Regulator news

Victorian news

New strategy for health care workplaces

Improving health and safety outcomes for health care and social assistance workers is the focus of a new WorkSafe strategy for the state’s fastest growing industry. The sector employs more Victorians than any other, accounting for almost 15 per cent of the state's workforce, with most of those workers in frontline roles.

According to the safety regulator, the industry is also among the state's most dangerous, accounting for the most claims for workplace injuries in both 2018 and 2019, and recording six workplace fatalities in the past six years. WorkSafe says its Health Care and Social Assistance (HCSA) Industry Strategy 2020-23 aims to drive industry wide cultural change to make workplaces healthier and safer, reduce injuries and illness, and improve support for injured workers. The strategy will specifically focus on the high risk sectors, hospital, residential care and home-based care, and the issues causing the most harm, hazardous manual handling, fatigue and occupational violence and aggression.

WorkSafe Executive Director of Health and Safety Julie Nielsen said WorkSafe and industry stakeholders had worked collaboratively to develop the strategy which puts the health, safety and wellbeing of workers on par with the protection and care of patients and clients. Read more: WorkSafe media release

WorkSafe urges farmers to 'take a break'

The regulator last week sent out emails regarding the need for farmers and farm workers to prioritise taking breaks through the day, pointing out that while this can be hard on farms, breaks might be good for the farm’s bottom line. WorkSafe says breaks help reduce fatigue, meaning improved reaction times and memory.

The regulator is asking farmers to commit to taking regular well-deserved breaks, and are offering a safe-tea break pack to assist. The pack includes:

  • a thermos
  • box of Yarra Valley Tea
  • cooler bag
  • bag tag
  • a fridge magnet and pen to communicate your breaks and working location with family or friends. 

WorkSafe asks that once the pack has been received, the farmer sends a photo or short video of themselves enjoying a well-deserved break - and go in the draw to win a years’ supply of Yarra Valley Tea.  Order the pack here. For more tips to avoid fatigue on the farm, visit this WorkSafe webpage.

Reminder: employers must notify WorkSafe of any positive COVID-19 cases in the workplace

As of July 28, 2020, employers and self-employed persons must notify WorkSafe immediately after becoming aware that:

  • an employee, independent contractor, employee of the independent contractor or self-employed person has received a confirmed diagnosis of coronavirus (COVID-19) and;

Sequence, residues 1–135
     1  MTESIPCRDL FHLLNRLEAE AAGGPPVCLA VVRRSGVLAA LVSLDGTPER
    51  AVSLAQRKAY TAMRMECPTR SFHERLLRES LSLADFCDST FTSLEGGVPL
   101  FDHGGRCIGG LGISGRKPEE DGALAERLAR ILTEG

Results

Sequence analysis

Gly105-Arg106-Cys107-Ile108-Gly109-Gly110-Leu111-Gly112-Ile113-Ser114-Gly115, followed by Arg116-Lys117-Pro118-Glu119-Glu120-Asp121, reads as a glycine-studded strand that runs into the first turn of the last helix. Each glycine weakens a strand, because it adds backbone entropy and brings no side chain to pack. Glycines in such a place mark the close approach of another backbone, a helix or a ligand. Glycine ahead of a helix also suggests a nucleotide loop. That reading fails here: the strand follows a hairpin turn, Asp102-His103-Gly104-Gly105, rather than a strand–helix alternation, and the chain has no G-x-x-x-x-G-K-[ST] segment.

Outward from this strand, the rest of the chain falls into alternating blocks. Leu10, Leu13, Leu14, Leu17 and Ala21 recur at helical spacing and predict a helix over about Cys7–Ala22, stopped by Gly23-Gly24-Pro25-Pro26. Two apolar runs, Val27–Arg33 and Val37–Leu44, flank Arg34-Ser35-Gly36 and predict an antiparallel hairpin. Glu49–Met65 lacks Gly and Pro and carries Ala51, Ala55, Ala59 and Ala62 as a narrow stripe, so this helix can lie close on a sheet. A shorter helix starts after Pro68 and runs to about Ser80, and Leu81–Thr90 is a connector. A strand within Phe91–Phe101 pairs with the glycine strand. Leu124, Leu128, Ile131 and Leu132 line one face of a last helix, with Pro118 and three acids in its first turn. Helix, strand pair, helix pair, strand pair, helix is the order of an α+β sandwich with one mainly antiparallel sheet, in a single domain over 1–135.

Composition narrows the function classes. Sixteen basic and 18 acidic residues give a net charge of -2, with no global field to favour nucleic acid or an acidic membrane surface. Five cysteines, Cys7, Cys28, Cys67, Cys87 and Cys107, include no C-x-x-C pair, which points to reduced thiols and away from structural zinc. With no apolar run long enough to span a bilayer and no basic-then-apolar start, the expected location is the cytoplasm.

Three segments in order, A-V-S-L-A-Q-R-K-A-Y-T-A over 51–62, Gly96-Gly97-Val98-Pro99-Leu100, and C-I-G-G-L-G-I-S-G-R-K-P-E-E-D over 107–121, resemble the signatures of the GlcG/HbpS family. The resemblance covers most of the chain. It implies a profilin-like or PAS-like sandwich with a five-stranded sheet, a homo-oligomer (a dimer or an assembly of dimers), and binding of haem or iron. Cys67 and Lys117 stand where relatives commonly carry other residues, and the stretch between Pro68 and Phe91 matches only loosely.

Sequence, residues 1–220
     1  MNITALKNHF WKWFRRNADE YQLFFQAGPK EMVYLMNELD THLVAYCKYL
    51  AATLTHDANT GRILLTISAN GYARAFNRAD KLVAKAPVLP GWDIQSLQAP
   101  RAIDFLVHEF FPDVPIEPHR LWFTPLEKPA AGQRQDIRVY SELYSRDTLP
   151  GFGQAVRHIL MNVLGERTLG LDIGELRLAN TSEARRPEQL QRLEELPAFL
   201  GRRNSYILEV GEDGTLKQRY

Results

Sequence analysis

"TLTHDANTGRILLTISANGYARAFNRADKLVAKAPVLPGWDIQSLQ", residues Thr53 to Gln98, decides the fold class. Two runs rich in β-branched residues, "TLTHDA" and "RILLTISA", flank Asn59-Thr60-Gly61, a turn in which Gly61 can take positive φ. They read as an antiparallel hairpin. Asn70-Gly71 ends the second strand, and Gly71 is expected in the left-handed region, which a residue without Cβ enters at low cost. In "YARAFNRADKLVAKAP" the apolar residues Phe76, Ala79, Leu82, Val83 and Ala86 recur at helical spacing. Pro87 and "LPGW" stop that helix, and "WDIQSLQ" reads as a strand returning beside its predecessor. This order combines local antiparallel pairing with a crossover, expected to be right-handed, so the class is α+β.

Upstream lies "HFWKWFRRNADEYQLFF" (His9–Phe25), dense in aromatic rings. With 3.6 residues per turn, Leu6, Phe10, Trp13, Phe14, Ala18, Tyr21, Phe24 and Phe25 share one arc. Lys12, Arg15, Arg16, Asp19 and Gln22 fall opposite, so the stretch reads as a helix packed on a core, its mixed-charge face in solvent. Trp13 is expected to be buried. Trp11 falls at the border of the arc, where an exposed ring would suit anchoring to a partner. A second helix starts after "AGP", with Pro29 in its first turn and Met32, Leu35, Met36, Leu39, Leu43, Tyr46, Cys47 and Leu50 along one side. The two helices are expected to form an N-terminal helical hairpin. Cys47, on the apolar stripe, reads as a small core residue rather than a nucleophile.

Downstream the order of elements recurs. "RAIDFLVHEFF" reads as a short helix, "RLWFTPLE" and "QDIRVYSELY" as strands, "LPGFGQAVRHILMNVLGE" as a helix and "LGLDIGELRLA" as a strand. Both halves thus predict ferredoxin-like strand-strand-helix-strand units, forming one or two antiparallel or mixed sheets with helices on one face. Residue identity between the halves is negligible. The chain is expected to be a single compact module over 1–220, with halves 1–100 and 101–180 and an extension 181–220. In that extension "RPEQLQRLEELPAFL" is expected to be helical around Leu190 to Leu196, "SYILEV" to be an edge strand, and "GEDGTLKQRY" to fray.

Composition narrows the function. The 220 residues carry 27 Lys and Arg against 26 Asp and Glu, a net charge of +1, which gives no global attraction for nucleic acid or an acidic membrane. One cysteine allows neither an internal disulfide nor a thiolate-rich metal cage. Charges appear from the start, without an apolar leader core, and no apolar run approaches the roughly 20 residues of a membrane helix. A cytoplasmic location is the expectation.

• the employee, independent contractor, employee of the independent contractor or self-employed person has attended the workplace within the relevant infection period.

Immediate notification to WorkSafe is to be done on this number: 13 23 60. WorkSafe will then lodge details of the incident, email the employer a link to an online incident notification form,and advise whether an inspector will attend, and whether the incident scene can be disturbed before the inspector's attendance.

The online incident notification form must then be completed and lodged within 48 hours - employers will then receive a confirmation email with a copy for their records. Failing to notify WorkSafe under section 38 of the OHS Act can lead to fines of up to $39,652 (240 penalty units) for an individual or $198,264 (1200 penalty units) for a body corporate.

The regulations are already accessible in both word and pdf format on the Victorian Legislation website, here. Read more: WorkSafe media releaseMore information on the WorkSafe website

Safe Work Australia

Reminder: National Safety Month theme - Work Health and Safety through COVID-19

Safe Work Australia has launched the theme for this year’s National Safe Work Month: Work Health and Safety through COVID-19. It also launched a campaign kit.

The national body says that this year’s theme acknowledges and reflects the impacts of COVID-19 on work health and safety. It recognises that every Australian workplace has been affected by the global pandemic and that workplaces have had to adapt their practices and procedures to reduce the WHS risks associated with the disease. This year’s campaign kit resources are digitally focused and include web graphics, social media tiles and document templates which can be customised to appeal to a broad range of organisations and industries. 

Safe Work says that over the coming months, additional resources will be made available on the National Safe Work Month website, including animations and information sheets on COVID-19 work health and safety.

COVID-19 Information for workplaces

A reminder of the information for workplaces on the SWA website - for specific industries, case studies, how to do risk assessments, and much more. Check it here.

National Fatality Statistics 

Safe Work has updated its statistics since the last edition of SafetyNet. As of July 30 there had been 100 worker fatalities notified to the national body - this is five more than the previous update. The fatalities this year have been in the following sectors:

  • 33 in Transport, postal & warehousing
  • 19 in Agriculture, forestry & fishing
  • 16 in Construction
  • 11 in Public administration & safety
  • 9 in Manufacturing 
  • 5 in Mining
  • 2 in 'other services' 
  • 1 in Arts & recreation services
  • 1 in Accommodation & food services
  • 1 in Retail trade
  • 1 in Administrative & support services
  • 1 in Electrical, gas, water, & waste services

To check for updates, and for more details on fatalities since 2003, go to the Safe Work Australia Work-related fatalities webpage.

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